Moisture, Water Holding, Drying and Wetting in Forest Soils

DOI: 10.4236/ojss.2014.45021   PDF   HTML     5,265 Downloads   6,791 Views   Citations


Relationship of soil and water is generally considered as important in soil science. To specify it further we studied two different soils in 2012-2013, three additional soils once and made several series of experiments with drying and wetting of the soils. Principal parameters studied were the gravimetric water content (GWC), water holding capacity (WHC), soil organic matter (SOM), their correlations and rates of change in drying or wetting. The three parameters are significantly inter-correlated. Distribution of GWC in the replicates of soils dried both in nature and in experiments was narrower than that in wet soils, while WHC changed less in drying. The correlations (GWC- WHC) became steeper (the slope coefficient higher) and the coefficient of determination (R2) lower. Attempts to increase WHC in wet soils with a high WHC even further were not successful. Drying may be fast or slow; rates of increase of WHC in wetting were all low, both in field and in the experiments, less than 0.1 g (H2O) g-1 (soil)·day-1. None of the three parameters can be considered as fixed characteristics of forest soils.

Share and Cite:

Blažka, P. and Fischer, Z. (2014) Moisture, Water Holding, Drying and Wetting in Forest Soils. Open Journal of Soil Science, 4, 174-184. doi: 10.4236/ojss.2014.45021.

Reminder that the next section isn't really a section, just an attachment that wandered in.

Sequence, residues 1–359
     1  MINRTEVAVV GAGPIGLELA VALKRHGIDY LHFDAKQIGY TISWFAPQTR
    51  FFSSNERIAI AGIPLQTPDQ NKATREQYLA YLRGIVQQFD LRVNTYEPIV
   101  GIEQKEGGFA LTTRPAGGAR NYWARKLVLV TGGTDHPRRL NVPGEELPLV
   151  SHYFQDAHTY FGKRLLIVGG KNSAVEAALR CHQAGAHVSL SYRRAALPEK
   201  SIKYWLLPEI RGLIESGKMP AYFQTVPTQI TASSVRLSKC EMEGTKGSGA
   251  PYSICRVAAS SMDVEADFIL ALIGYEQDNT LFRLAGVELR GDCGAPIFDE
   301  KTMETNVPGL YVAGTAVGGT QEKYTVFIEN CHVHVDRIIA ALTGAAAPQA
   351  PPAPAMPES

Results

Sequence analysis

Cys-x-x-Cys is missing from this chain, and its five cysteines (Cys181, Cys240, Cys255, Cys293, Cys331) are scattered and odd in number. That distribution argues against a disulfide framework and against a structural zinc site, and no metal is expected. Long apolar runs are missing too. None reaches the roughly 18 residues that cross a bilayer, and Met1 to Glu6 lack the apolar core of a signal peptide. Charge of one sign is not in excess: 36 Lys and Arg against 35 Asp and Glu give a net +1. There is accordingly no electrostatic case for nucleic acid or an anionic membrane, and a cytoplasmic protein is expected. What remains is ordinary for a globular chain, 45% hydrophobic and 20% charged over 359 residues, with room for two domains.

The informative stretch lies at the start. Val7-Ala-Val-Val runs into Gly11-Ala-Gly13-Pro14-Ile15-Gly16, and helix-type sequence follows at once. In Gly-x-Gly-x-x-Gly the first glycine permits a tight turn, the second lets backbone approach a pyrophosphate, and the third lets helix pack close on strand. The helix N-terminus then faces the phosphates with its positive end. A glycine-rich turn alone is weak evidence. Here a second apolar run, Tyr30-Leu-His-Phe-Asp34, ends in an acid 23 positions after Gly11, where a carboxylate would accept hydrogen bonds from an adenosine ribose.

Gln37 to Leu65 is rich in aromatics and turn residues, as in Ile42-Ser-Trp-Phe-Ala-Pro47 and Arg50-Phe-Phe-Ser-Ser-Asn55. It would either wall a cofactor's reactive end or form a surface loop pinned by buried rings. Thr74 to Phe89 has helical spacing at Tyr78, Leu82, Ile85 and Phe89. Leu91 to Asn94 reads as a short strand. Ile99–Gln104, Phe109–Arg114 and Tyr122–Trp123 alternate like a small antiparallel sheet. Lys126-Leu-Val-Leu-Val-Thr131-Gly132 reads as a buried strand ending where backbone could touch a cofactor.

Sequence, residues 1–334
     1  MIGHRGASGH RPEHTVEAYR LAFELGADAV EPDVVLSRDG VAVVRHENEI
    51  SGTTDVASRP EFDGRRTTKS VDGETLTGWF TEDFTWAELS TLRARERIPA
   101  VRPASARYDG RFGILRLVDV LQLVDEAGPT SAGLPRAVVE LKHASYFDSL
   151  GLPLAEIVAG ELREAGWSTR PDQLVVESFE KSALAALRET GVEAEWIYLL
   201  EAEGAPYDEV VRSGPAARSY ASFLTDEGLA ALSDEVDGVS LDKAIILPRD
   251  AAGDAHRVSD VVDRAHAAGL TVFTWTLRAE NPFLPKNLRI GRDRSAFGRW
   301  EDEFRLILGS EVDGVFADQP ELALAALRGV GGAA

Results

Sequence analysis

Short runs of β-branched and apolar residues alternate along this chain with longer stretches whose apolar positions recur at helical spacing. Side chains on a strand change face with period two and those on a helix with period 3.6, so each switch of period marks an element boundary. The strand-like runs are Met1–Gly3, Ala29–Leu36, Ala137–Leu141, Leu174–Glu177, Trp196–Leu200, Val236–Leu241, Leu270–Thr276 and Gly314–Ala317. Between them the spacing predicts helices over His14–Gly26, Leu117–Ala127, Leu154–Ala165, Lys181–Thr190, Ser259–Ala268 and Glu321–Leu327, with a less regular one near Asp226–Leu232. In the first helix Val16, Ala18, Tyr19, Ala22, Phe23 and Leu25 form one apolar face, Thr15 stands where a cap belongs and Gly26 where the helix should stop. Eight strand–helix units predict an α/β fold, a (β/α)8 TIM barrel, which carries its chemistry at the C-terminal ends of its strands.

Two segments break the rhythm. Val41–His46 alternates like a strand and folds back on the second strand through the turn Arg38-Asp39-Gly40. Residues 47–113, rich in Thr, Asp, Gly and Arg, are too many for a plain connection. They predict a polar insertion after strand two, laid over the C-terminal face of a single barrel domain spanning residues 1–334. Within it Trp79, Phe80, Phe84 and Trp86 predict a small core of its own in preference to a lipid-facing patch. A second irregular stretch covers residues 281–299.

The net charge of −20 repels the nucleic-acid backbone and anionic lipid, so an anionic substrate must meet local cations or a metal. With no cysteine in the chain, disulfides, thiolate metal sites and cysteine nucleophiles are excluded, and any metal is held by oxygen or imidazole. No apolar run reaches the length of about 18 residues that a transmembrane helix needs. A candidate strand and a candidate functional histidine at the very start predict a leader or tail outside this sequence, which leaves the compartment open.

Conflicts of Interest

The authors declare no conflicts of interest.


[1] Gardner, W.H. (1986) Water Content. In: Methods of Soil Analysis, Part 1. Physical and Mineralogical Methods— Agronomy Monograph No 9 (2nd Edition) American Society of Agronomy, Soil Science Society of America, Madison.
[2] Reynolds, W.D. and Topp, G.C. (2008) Soil Water. Analyses, Principles and Parameters. In: Carter, M.R. and Gregorich, E.G., Eds., Soil Sampling and Methods of Analysis, CRC Press, Taylor & Francis Group, Boca Raton.
[3] Buckingham, E. (1907) Studies on the Movement of Soil Moisture. US Department of Agriculture, Bureau of Soils No. 38.
[4] Gardner, W. (1919) The Movement of Moisture in Soil by Capillarity. Soil Science, 7, 313-317.
[5] Mahe, G., Paturel, J-E., Servat, E., Conway, D. and Dezetter, A. (2005) The Impact of Land Use Change on Soil Water Holding Capacity and River Flow Modeling in the Nakambe River, Burkina-Faso. Journal of Hydrology, 300, 33-43.
[6] Hedley, C.B. and Yule, I.J. (2009) Soil Water Status Mapping and Two Variable-Rate Irrigation Scenarios. Precision Agriculture, 10, 342-355.
[7] Vengadaramana, A., and Jashothan, P.T.J. ( 2012) Effect of Organic Fertilizers on the Water Holding Capacity of Soil in Different Terrains of Jaffna Peninsula in Sri Lanka. Journal of Natural Product & Plant Resources, 2, 500-503.
[8] Joergensen, R.G. and Potthoff, M. (2005) Microbial Reaction in Activity, Biomass, and Community Structure after Long-Term Continuous Mixing of a Grassland Soil. Soil Biology & Biochemistry, 37, 1249-1258.
[9] Lawes, R.A., Olive, Y.M. and Robertson, M.J. (2009) Integrating the Effects of Climate and Plant Available Soil Water Holding Capacity on Wheat Yield. Field Crops Research, 11, 297-305.
[10] Dane, J.H. and Topp, G.C. (2002) Methods of Soil Analysis. Part 4: Physical Methods. Soil Science Society of America, Inc., Madison, USA.